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mammoths where they shouldn’t be

22 January 2016

Mammoths, or big elephants shall we say, are always a crowd pleaser which draws attention and the story at www.sciencenews.org/article/humans-visited-arctic-earlier-thought?tgt=nr .. where we learn a frozen mammoth carcase displays evidence of butchering by some of our ancestors. The problem is that the discovery was made deep inside the Arctic Circle, at 72 degrees N, in what we might call the northern region of central Siberia. Other kill sites are known just below the Arctic Circle but most of them occur well outside the region. The PR message of this news post from Science magazine is that this particular kill was made somewhat earlier than other evidence of humans living and visiting the icy wastes of Siberia north of the Arctic Circle. The find is dated to 45,000 years ago – by carbon dating sediments and a leg bone. Humans are known to have been in the same general region 30,000 years ago but this is pushing back the boundary a little further.

Marks on the animals tusks and slice marks on bones seem to indicate it was brought down by hunters and butchered on site. Palaeoanthropologists say this proves humans had worked out how to cope with the cold, ice, and sunless winters – but we might ask, what were big elephants doing in a frozen landscape?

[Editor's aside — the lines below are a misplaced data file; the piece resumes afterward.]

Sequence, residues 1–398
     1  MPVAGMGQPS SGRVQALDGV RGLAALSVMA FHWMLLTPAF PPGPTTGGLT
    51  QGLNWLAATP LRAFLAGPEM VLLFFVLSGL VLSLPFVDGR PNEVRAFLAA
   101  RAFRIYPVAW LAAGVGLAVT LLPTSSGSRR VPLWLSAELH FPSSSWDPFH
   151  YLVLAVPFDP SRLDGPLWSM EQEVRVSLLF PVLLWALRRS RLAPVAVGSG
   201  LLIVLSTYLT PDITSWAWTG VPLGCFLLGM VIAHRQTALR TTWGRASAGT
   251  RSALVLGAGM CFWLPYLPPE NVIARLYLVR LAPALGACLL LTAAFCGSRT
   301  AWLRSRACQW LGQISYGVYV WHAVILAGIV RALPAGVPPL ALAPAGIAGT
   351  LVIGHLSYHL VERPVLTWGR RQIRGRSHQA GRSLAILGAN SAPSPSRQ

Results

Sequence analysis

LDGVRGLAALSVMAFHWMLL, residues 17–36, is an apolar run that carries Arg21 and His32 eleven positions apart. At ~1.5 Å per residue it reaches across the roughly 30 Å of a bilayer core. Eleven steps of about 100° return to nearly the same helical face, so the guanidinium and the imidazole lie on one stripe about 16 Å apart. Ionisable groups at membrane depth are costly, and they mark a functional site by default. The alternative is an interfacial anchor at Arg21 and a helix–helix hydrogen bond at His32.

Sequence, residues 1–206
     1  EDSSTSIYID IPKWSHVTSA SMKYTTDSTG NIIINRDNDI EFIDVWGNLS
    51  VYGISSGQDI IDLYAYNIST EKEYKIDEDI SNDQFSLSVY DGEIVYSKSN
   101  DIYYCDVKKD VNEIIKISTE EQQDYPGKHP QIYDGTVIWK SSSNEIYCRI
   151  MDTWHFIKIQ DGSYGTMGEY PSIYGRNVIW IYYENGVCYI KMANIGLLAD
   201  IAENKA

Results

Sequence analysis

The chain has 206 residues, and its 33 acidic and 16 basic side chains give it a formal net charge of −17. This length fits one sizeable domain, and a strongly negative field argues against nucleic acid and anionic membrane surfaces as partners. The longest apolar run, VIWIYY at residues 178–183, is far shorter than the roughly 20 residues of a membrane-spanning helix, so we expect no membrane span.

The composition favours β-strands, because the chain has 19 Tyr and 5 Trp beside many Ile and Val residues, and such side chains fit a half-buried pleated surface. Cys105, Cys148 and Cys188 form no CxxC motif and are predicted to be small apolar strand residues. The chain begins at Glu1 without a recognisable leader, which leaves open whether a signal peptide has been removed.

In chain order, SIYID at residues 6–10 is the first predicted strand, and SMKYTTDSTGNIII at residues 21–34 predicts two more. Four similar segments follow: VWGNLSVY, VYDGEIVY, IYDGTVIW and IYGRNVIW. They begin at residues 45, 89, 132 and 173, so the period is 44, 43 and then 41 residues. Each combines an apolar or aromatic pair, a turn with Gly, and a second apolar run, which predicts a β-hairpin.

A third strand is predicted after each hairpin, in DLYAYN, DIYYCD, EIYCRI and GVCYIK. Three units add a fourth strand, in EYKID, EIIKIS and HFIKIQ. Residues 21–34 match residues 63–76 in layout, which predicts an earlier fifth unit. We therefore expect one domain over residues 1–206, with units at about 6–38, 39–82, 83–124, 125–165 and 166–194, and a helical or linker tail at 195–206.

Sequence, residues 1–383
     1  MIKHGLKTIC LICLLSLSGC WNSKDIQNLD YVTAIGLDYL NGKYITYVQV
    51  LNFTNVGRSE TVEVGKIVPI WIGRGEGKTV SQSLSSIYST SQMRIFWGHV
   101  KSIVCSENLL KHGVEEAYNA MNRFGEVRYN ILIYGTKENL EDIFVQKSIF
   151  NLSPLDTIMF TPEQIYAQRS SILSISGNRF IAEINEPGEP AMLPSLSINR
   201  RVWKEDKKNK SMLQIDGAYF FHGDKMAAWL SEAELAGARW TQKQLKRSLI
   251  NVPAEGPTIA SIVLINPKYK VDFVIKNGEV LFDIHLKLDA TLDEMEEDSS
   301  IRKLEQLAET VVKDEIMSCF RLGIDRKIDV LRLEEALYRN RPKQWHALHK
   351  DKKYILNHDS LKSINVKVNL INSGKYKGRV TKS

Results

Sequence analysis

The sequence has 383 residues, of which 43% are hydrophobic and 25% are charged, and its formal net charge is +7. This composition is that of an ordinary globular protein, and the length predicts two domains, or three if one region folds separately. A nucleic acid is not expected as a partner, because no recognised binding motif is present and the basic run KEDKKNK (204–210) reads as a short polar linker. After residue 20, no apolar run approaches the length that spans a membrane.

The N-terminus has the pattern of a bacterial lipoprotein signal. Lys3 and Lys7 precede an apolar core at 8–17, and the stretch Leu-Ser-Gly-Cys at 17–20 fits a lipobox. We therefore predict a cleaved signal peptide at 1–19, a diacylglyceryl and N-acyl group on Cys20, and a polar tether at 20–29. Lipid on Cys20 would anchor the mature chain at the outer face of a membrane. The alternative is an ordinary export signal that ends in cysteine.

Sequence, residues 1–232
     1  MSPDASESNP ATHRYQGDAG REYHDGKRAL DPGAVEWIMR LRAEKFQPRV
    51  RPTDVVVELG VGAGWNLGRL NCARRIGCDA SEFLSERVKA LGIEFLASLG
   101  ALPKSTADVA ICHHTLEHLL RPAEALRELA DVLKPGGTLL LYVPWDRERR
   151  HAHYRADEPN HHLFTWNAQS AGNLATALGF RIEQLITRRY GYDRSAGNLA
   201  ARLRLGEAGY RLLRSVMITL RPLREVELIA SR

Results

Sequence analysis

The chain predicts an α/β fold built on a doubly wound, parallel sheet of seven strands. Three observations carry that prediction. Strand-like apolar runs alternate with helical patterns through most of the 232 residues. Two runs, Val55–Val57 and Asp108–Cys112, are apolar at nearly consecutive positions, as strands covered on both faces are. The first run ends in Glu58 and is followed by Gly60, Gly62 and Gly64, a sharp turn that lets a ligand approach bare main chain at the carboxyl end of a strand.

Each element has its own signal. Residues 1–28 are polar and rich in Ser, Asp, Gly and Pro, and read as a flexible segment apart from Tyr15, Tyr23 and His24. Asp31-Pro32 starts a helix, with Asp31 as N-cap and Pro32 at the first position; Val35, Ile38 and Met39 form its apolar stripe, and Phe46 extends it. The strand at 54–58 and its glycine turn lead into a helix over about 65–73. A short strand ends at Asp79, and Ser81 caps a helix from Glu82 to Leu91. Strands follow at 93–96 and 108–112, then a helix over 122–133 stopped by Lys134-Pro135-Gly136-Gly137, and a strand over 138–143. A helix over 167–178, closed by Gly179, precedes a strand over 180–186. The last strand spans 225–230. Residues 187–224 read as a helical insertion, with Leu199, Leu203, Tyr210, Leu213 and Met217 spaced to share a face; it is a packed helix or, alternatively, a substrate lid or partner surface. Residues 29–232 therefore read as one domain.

Perhaps it was not frozen. This in turn may mean the Polar Circle at the time was somewhere else. We can ask ourselves that question but scientists with a career cannot. The fact is elephants need to eat a lot of vegetation. They are also slow moving and heavy. Why make life difficult for yourself by living in an icy environment. Presumably there were shoots of greenery buried under the snow – but why would they want to go to the bother? It was a lot nicer further south – and then there were the buttercups. Not only that – why would great big animals want to lumber around in six months of darkness in the year?

See also www.sciencemag.org/news/2016/01/grisly-find-suggests-humans-inhabited-ar…


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